Former Patient Claims Confidentiality Breach in Prime Healthcare Lawsuit

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A former Redding hospital patient has sued the Prime Healthcare Services chain for disclosing her medical files to hundreds of people without permission.

In a lawsuit filed last month in Shasta County Superior Court, Darlene Courtois, a retired teacher's aide, accused Prime of repeatedly violating patient confidentiality laws in a frantic effort to discredit a 2011 California Watch news report about the hospital chain’s billing practices.

As part of that effort, the CEO at Prime’s Shasta Regional Medical Center sent emails to all of the hospital’s 785 employees disclosing details of the then-64-year-old diabetes patient’s confidential files, the lawsuit says.

The CEO also showed her medical files to the editor of the local newspaper in a successful effort to dissuade him from publishing the story, the suit says.

California Watch had interviewed Courtois for a story about a reported outbreak of a rare form of malnutrition called kwashiorkor at the Redding hospital.

In 2009 and 2010, the hospital diagnosed more than 1,000 Medicare patients with the ailment, Courtois among them. The hospital’s kwashiorkor rate was nearly 70 times the state average, records show. But in her interview, Courtois said she received no treatment for kwashiorkor and had never heard of it.

“Defendants – in an effort to protect their professional reputation – abandoned their professionalism,” her lawyer, Darryl Stallworth, wrote in the complaint.

In November, the state Department of Public Health fined Prime $95,000 for wrongly publicizing Courtois’ medical files, ruling that the company had repeatedly violated state law. Prime has appealed. It contends that Courtois waived her privacy rights by agreeing to be interviewed.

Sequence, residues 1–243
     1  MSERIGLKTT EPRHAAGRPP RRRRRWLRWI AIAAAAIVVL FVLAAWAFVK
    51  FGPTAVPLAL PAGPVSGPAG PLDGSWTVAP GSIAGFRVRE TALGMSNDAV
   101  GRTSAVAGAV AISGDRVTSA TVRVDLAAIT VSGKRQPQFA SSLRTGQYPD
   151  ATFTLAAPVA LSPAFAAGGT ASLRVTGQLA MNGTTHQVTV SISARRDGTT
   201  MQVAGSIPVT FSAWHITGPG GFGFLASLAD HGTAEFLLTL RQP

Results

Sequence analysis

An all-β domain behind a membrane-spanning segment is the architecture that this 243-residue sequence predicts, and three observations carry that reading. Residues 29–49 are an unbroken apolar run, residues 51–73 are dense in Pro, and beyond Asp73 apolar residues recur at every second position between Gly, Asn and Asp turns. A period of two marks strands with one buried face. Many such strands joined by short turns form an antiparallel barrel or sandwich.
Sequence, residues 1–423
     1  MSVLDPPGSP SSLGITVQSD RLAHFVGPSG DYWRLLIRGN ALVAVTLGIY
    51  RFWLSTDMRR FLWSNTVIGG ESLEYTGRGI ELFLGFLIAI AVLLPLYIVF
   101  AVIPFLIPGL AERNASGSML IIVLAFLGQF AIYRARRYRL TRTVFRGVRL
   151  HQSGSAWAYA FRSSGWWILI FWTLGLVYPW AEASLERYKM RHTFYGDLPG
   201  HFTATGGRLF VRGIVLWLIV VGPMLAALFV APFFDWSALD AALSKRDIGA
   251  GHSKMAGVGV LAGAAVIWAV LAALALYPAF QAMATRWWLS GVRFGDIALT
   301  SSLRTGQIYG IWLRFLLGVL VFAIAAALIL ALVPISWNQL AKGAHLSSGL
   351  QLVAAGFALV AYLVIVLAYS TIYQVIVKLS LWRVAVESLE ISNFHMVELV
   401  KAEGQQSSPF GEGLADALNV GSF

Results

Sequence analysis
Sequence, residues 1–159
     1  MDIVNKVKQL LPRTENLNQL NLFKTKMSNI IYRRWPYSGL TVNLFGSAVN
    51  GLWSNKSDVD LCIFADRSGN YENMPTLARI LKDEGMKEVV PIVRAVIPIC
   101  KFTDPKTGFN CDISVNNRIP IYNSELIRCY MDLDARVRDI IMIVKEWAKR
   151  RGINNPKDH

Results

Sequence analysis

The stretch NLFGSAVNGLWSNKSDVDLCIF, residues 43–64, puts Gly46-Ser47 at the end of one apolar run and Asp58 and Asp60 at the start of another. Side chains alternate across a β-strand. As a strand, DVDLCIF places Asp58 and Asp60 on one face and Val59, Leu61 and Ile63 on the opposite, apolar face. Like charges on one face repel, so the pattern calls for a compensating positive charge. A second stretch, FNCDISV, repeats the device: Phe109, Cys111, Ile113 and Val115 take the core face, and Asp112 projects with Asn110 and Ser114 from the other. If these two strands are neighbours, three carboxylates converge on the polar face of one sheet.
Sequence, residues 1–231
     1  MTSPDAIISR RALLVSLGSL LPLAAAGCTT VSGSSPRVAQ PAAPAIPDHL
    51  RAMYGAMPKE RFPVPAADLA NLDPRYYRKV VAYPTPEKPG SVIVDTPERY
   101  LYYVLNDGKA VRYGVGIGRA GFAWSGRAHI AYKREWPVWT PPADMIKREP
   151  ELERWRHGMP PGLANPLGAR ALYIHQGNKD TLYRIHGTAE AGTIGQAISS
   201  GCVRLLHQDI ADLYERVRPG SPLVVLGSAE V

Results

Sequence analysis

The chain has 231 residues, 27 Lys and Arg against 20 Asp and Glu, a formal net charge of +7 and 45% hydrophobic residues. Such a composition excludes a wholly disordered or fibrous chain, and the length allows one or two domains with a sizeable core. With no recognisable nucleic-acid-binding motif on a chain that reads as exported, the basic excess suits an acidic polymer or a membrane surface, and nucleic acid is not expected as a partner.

"Shasta Regional Medical Center is committed to the privacy of its patients," Prime spokesman Edward Barrera said in a statement. "It believes that the facts will show that this lawsuit has no merit."

The lawsuit closely follows the state health department’s findings, but for Prime, the financial stakes could be far higher.

According to state law, a hospital may be required to pay $1,000 in damages for each wrongful disclosure of a patient’s medical files. As a result, Courtois could be entitled to more than $785,000, the lawsuit says.

Experts say kwashiorkor usually afflicts children in developing nations during famines. But the reported outbreak at the Redding hospital predominantly involved senior citizens, a California Watch analysis shows. Medicare pays a treatment bonus of more than $6,000 for each patient diagnosed with kwashiorkor, according to federal records.

Courtois told California Watch that she had been hospitalized for complications of diabetes, not malnutrition. She said she had never before heard the word "kwashiorkor" – it means “weaning sickness” in the Ghanaian language of West Africa – and had received no treatment for it.

After a reporter called Prime for comment, hospital officials zeroed in on Courtois, the lawsuit says.

Claiming that the patient’s confidential files undercut her story, they took her records to the editor of the Redding Record Searchlight and lobbied him not to publish the story, the suit says. Prime officials also revealed parts of her medical files to reporters for two other news services, the lawsuit says.

After California Watch’s story was published, the hospital CEO emailed details from the woman’s medical file to the hospital’s entire staff in a further attempt to counter the story, according to the lawsuit.

All of that was illegal because it was done without the patient’s permission, the lawsuit says.

Prime officials claimed that the confidential files showed Courtois had been given a nutritional consultation as a treatment for malnutrition. That substantiated the kwashiorkor billing, they claimed. 

But Courtois denied having received a nutritional consultation. When she requested her medical records from the hospital, she didn’t receive any information indicating she was malnourished, she said.

The hospital abruptly stopped billing Medicare for kwashiorkor in 2011, soon after California Watch reported on the outbreak, state records show.

View this story on California Watch

This story was produced by California Watch, a part of the nonprofit Center for Investigative Reporting. Learn more at

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